COLUMN: Rebels’ roller coaster season ends on high note
STARKVILLE — Ole Miss’ most recent game in Starkville could’ve easily played out like many of the others in recent memory.
The Rebels were going against a new and improved Dak Prescott, who, as the Southeastern Conference’s second-leading passer, looked as if he was in for the same field day so many other signal callers have had this season against Ole Miss’ secondary.
And if the Bulldogs jumped on Ole Miss early, what would be the motivation to really fight back other than a little pride given that the Rebels found out as they were taking the field at Davis Wade Stadium that Alabama had just beaten Auburn to officially eliminate them from Western Division contention?
But Ole Miss barely let the Bulldogs get going, looking nothing like the previous five Ole Miss teams that traveled to Scott Field and lost all those games by a combined score of 141-68. The Rebels’ defense flew around to keep Prescott under wraps despite the Bulldogs’ too-little, too-late charge, and the offense piggybacked off of it to go up 21-0 and essentially put the game away by halftime.
By the time it was over, Ole Miss had its first win in Starkville in more than a decade, 38-27.
If you knew Ole Miss was going to lose three games in the regular season before it started, even the most optimistic fans would’ve guessed they would’ve come from some combination of Alabama, Auburn, LSU and Mississippi State considering the Rebels’ wretched history in Davis Wade Stadium.
Instead, the Rebels lost to Florida, Arkansas and a non-conference opponent in Memphis and beat Alabama in Tuscaloosa for the first time in 27 years, beat Alabama and Auburn in the same season for the first time since 2003, beat Alabama, Auburn and LSU in the same season for the first time ever and beat the Bulldogs at their place for the first time since Eli Manning was playing quarterback.
Yeah, just how we all thought it would happen.
Now the Rebels are in prime position to steal a Sugar Bowl bid from the Gators, who will be this year’s Eastern Division sacrificial lamb for Alabama in the league title game Saturday (seriously, the Gators don’t have a quarterback without Will Grier and scored two whole points against Florida State yesterday. Yikes.).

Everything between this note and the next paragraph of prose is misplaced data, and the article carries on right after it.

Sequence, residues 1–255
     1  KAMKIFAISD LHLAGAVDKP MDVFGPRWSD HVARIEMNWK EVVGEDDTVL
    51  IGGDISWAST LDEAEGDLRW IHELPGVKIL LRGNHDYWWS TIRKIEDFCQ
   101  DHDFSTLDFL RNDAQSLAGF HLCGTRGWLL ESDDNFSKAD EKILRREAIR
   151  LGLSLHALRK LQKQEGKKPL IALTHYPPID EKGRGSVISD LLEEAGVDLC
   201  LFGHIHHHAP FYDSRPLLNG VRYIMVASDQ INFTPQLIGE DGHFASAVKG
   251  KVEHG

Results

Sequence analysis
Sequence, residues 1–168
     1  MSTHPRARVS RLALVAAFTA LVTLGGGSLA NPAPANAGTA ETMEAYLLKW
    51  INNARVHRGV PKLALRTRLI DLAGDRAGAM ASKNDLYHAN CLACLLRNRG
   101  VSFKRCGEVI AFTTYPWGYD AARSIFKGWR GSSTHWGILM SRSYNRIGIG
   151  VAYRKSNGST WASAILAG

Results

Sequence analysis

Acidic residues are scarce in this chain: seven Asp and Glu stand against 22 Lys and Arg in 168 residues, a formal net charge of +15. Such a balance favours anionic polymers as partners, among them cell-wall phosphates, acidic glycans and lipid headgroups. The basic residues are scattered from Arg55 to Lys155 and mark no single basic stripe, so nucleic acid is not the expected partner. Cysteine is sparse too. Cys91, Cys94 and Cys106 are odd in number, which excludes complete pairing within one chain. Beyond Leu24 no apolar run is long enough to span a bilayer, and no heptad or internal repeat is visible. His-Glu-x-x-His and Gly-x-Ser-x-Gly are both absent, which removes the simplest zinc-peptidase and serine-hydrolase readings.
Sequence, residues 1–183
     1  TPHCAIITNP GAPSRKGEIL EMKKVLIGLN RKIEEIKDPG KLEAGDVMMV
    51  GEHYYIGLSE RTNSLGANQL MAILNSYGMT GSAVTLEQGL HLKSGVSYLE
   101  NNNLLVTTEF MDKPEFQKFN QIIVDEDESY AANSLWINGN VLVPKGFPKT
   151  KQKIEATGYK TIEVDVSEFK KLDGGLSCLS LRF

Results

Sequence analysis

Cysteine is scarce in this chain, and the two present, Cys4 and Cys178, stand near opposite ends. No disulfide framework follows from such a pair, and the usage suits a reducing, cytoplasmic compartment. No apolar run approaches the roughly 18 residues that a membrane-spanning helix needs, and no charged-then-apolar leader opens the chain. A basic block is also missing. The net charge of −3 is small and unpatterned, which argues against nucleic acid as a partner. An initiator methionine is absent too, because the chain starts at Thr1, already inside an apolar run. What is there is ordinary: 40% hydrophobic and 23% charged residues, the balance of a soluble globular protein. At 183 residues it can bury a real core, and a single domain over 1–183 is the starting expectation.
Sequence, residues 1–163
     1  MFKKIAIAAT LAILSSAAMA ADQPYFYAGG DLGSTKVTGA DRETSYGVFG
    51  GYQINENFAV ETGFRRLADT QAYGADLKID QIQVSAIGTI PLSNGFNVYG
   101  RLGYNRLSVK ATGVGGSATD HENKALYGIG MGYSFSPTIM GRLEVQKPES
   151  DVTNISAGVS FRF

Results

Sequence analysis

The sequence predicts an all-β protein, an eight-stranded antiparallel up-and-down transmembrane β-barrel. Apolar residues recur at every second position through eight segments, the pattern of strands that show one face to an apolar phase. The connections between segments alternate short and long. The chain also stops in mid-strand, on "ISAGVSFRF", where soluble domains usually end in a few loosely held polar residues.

The Rebels looked like that kind of team with that win in Tuscaloosa and the win in Starkville and nothing close to it in a blowout loss to those Gators and that sobering setback to Memphis that had many wondering in mid-October if Ole Miss could even finish in the upper half of the Western Division with a roster that’s deeper and more talented than any in Hugh Freeze’s tenure headlined by a handful of future first-round draft picks.
Ole Miss came back with back-to-back wins over Texas A&M and Auburn before fourth-and-25 happened against Arkansas, the play that, while 60 minutes of porous regulation defense after the Rebels’ Jekyll-and-Hyde unit looked as if it had figured some things the previous two weeks led up to that infamous overtime moment, ultimately kept the Rebels from getting to Atlanta.
But give Freeze and his staff credit. In a roller coaster of a season that’s seen so many up and downs and would’ve been easy to come off the tracks following that loss to the Razorbacks, the Rebels absorbed the bumps, stayed on the ride and finished it with another nine-win season, the first time Ole Miss has done that in back-to-back years since the 1960s.
Should Florida get pummeled by the Crimson Tide as expected, Ole Miss’ win Saturday means the Rebels will almost surely be ringing in the new year in a second straight New Year’s Six bowl.
And if I told you that before the season started, I’m sure any Ole Miss follower would’ve taken it.
Davis Potter is the sports editor of the EAGLE. You can contact him at firstname.lastname@example.org. Follow him on Twitter at @DPotterOE.
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